Sometimes too much, sometimes not enough......
About 25% of US cropland is drained, and it’s some of the most productive land in the world. But in any given year, such land is still at risk to both water excess and water deficit. Limited crop productivity and water quality concerns are among the consequences. Future climate change is expected to bring more intense rainfall and prolonged summer droughts, making problems worse. Storing drained water within the landscape, through practices such as controlled drainage, saturated buffers, and drainage water recycling, could increase the sustainability of water for agriculture, producing positive impacts for crop production as well as the environment.
Transforming Drainage is a 5-year, 8-state project led by a core group of 15 leading agricultural engineers, soil scientists, agronomists, economists, social scientists, and database and GIS specialists with a common vision — to transform the way drainage is implemented across the agricultural landscape.
Controlled drainage uses water control structures in the field to manage the outlet elevation of the subsurface drainage tile allowing for storage of water within the soil profile of the field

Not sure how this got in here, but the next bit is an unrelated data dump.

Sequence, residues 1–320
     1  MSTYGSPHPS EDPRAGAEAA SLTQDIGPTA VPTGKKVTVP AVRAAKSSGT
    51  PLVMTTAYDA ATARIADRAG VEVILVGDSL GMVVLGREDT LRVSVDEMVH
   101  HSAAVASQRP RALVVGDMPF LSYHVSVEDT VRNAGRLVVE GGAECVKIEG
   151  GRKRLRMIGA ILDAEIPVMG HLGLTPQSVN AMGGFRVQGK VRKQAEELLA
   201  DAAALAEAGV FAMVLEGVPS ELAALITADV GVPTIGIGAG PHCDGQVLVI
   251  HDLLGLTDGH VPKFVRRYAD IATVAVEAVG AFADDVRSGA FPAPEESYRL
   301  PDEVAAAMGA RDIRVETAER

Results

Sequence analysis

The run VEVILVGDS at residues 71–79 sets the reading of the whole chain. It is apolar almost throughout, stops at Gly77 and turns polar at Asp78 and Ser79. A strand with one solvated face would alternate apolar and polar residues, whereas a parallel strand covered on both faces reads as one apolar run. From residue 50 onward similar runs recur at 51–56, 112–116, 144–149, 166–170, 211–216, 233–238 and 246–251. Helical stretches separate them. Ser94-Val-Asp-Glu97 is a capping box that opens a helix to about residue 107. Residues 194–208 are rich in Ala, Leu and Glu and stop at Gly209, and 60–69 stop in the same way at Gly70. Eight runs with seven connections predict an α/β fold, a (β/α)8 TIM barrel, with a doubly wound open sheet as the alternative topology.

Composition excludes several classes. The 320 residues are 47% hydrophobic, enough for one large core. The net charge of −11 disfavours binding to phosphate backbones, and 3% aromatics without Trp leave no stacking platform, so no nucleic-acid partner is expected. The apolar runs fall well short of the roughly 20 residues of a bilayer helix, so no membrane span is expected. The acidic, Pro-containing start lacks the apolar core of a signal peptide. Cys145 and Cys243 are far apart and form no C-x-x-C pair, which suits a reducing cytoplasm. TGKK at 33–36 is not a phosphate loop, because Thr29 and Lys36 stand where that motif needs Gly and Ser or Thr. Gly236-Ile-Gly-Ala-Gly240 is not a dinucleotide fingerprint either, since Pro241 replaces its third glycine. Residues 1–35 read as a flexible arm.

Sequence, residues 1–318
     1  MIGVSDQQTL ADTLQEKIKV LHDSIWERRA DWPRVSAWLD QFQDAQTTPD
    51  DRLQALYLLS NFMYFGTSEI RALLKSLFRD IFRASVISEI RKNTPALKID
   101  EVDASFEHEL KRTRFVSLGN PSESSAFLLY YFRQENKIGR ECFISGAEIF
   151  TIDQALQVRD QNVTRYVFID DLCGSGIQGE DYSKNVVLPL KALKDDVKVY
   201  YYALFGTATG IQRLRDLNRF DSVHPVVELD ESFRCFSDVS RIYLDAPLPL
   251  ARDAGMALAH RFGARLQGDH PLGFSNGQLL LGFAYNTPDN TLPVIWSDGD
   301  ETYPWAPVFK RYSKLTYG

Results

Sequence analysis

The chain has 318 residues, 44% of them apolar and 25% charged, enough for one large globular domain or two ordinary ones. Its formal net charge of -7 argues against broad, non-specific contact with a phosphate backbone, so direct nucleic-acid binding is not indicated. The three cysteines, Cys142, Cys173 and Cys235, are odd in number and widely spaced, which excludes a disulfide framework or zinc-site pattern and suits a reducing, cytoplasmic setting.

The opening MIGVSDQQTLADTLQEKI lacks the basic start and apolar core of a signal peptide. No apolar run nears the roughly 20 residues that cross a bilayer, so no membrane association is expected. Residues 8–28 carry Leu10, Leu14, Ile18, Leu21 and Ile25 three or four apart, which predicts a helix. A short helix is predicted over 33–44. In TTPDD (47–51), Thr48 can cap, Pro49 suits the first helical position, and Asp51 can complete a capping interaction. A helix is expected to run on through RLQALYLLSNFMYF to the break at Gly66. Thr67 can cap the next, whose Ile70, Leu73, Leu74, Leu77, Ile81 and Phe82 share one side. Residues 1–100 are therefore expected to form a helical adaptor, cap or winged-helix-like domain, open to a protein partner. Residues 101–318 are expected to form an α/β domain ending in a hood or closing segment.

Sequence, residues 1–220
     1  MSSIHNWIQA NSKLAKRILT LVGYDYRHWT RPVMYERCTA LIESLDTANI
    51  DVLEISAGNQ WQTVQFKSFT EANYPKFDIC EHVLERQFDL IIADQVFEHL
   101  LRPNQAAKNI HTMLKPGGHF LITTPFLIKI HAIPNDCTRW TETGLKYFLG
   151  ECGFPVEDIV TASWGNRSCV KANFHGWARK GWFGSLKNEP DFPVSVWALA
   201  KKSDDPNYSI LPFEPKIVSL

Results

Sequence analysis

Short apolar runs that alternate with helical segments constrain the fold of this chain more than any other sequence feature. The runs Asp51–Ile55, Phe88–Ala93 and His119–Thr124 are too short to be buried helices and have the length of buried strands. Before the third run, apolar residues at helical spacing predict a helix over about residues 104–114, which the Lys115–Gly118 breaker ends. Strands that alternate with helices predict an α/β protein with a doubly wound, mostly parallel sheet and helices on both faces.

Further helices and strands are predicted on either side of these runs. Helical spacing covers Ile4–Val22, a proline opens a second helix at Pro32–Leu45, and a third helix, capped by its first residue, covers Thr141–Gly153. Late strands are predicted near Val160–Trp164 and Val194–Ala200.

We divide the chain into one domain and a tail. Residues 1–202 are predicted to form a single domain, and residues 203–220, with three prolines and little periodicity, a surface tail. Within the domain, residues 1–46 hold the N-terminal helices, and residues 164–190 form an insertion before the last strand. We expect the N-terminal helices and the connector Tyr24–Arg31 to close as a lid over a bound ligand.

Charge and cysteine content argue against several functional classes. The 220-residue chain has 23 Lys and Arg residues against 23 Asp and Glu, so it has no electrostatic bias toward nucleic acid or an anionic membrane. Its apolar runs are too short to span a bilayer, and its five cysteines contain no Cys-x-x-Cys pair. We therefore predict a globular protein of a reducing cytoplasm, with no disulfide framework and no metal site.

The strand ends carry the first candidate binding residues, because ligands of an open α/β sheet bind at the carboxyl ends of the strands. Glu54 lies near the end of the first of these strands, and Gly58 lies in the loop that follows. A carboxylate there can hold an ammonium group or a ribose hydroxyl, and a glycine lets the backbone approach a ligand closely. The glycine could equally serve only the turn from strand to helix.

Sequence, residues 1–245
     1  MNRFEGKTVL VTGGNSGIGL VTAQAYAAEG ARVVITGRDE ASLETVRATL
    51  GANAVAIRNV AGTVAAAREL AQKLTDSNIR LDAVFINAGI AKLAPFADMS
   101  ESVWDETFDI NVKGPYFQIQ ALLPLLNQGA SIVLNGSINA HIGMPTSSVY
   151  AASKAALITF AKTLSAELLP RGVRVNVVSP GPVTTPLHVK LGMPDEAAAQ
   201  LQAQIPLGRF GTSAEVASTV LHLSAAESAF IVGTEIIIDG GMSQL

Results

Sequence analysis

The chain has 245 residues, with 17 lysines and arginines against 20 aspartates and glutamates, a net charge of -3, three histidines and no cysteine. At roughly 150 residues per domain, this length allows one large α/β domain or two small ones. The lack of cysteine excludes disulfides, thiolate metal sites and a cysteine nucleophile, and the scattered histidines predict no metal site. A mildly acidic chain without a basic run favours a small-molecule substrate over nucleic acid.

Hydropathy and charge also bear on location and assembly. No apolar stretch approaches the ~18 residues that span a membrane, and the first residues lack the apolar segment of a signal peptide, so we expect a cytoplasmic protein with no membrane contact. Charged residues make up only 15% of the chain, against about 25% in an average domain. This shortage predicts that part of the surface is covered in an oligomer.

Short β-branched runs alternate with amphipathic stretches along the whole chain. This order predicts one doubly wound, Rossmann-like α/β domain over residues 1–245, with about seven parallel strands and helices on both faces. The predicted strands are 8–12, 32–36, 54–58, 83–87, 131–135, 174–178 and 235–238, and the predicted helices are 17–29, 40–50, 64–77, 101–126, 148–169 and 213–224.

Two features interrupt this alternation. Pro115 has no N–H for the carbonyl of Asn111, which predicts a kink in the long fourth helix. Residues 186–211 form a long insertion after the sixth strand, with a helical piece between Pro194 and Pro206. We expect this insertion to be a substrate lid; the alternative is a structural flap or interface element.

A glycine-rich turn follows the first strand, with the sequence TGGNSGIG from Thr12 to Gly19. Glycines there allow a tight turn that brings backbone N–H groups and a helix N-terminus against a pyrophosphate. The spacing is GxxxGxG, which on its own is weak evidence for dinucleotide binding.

Saturated buffers also store water within the soil profile, similar to controlled drainage, except at the edge of the field where that water can interact with the root zone of perennial buffer vegetation.
Drainage water recycling captures drained water for the field in an on-farm water storage (e.g. pond) where it can be used later for irrigation.
We envision an agricultural landscape where...
• Drainage system engineers and designers consider storage of water in the landscape for each design.
• On-farm ponds able to capture drainage water and provide supplemental irrigation (aka drainage water recycling) will be found throughout the drained landscape.
• By adopting water storage practices, farmers will be more resilient to climate change, and agriculture will be more sustainable
Transforming Drainage is a collaborative field research and synthesis effort that brings together historic and current agronomic, hydrologic, and climate data from across the Corn Belt. This multi-state database will provide the foundation for new decision support tools to guide the implementation of drainage water storage practices. It also will fuel Extension and educational efforts that will bring about greater awareness and understanding among drainage professionals, agricultural engineers, and producers of agricultural water sustainability.